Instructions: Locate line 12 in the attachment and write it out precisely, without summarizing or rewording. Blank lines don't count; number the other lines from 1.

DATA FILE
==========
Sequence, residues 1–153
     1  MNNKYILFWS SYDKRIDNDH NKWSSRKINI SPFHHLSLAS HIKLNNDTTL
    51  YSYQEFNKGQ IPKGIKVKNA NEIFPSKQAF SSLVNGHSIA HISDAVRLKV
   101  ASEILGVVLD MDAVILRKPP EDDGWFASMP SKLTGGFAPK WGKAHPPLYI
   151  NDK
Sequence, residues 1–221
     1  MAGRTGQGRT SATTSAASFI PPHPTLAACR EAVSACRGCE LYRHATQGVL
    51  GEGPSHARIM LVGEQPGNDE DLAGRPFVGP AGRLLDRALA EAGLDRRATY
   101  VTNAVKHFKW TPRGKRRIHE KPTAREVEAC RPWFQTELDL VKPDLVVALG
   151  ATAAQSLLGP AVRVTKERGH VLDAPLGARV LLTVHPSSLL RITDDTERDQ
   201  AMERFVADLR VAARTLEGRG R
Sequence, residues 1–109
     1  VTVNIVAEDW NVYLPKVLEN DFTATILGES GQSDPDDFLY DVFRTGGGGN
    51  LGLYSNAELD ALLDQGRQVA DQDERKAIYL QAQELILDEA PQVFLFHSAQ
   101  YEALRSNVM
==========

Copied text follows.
Sequence, residues 1–109